5. one a polygon. 2. Replace one side of the polygon with a curved piece. State that a polygon with four sides is called a quadrilateral (Quad means 4 and lateral means side). Have them try again to make a shape stating that maybe they didn’t try hard enough the first time. state that it’s a polygon with three sides. Ask if it’s still a polygon and why/why not. State that with two sticks we couldn’t make a shape. draw shapes. 9. Mix up shapes. rectangle. Have the children group all the polygons together and write a label for each. Notes: • • • • • • • • • • 3 sides – Triangle 4 sides – Quadrilateral 5 sides – Pentagon angle 108 degrees 6 sides – Hexagon angle 120 degrees 7 sides – Heptagon angle 128. Additional Activities: 1. older children can construct using a ruler. hand each child a label and ask them to find the matching shape.26 Presentation: Part Two Have each child take two sticks and a brad. Try a different shape with the triangle. Have them take another stick and try. Ask how few sticks are needed to make a shape. discuss that the triangle is the only on that keeps it’s shape. Ask what each has. Follow-Up: Have children search around the room to find polygons. 1. 6. now with three sticks we can make a shape. and another shape in other. 7. parallelogram. have the children make polygons with more than 4 sides and review what each has made. square. (only a polygon when enclosed with straight lines) 3.57142 degrees 8 sides – Octagon angle 135 degrees 9 sides – Nonagon angle 140 degrees 10 sides– Decagon 12 phase solid – Dodecahedron 20 phase solid .org . Make another polygon with four sticks. see what happens. rhombus. give one child a triangle. how many sides and if it is still a polygon. 3. which is called triangle. In a group. Give special names for quadrilateral. one a quadrilateral. Ask what each has and how they know it was a polygon. 2.Icosahedrom Copyright 2009 | Jonathan Feagle www.FreeMontessori. If needed. 8. Have each child hold up a triangle in one hand. Do a lot of experimenting. 4. Ask what shape it is.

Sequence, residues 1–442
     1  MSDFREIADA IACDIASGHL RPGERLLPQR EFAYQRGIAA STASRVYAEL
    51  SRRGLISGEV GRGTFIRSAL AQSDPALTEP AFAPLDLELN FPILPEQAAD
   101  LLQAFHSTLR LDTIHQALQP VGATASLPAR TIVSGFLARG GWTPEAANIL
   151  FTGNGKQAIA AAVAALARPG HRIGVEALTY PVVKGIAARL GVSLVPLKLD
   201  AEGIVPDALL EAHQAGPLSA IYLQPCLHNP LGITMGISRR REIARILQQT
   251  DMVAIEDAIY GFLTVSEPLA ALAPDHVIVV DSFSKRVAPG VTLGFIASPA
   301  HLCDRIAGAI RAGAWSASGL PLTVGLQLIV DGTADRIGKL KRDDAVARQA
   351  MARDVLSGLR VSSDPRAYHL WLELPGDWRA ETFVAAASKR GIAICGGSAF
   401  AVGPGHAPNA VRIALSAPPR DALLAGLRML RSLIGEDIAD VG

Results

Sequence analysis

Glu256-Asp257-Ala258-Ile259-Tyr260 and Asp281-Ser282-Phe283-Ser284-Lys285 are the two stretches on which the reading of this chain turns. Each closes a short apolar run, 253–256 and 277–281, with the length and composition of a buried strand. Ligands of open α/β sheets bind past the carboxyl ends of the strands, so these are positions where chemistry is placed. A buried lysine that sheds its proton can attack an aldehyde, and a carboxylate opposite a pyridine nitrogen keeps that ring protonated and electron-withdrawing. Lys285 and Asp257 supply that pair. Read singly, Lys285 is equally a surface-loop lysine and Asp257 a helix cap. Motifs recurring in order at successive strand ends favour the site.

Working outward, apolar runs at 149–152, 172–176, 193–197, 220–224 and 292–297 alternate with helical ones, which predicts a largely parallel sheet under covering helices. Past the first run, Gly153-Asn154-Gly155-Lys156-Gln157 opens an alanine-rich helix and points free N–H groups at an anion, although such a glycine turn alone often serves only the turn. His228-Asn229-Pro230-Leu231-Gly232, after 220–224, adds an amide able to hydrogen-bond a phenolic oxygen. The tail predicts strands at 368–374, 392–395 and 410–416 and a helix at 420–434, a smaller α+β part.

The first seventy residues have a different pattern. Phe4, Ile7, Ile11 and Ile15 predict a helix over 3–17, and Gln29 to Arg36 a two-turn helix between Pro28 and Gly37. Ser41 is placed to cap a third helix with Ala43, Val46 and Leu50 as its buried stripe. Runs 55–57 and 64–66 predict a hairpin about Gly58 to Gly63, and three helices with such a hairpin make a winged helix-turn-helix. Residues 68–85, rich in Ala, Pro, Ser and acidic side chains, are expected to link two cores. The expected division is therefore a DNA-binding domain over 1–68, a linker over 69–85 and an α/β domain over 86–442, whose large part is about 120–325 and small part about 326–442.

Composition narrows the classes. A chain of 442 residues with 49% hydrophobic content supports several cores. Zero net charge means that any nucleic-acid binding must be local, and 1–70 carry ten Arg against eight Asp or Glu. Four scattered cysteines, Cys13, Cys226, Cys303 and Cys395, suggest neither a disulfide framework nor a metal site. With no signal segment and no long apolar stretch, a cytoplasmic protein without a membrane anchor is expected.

7. 2. 8.org . Pick a long stick with a hole at each end and a shorter stick with several holes.27 Angles Exercise One: Complete and Straight Angles Materials: • Geometry sticks box • Cork board • Paper (newsprint) • Pencil Presentation: 1. making a full circle. State that this is a straight angle. Place the tip of the pencil at the hole at end of the top shorter stick. Draw a complete angle by rotating the top shorter stick clockwise. Allow each child to try. Place the shorter stick on top of the longer stick and secure both ends with a tack in the middle of the corkboard. Set a piece of paper on the corkboard and secure it with tacks.FreeMontessori. 5. 4. Copyright 2009 | Jonathan Feagle www. 9. Make a straight angle by placing the pencil in the next hole (so the semi-circle is smaller). 6. 3. State that this is a complete angle from the word completus (Latin) meaning full. Stop halfway.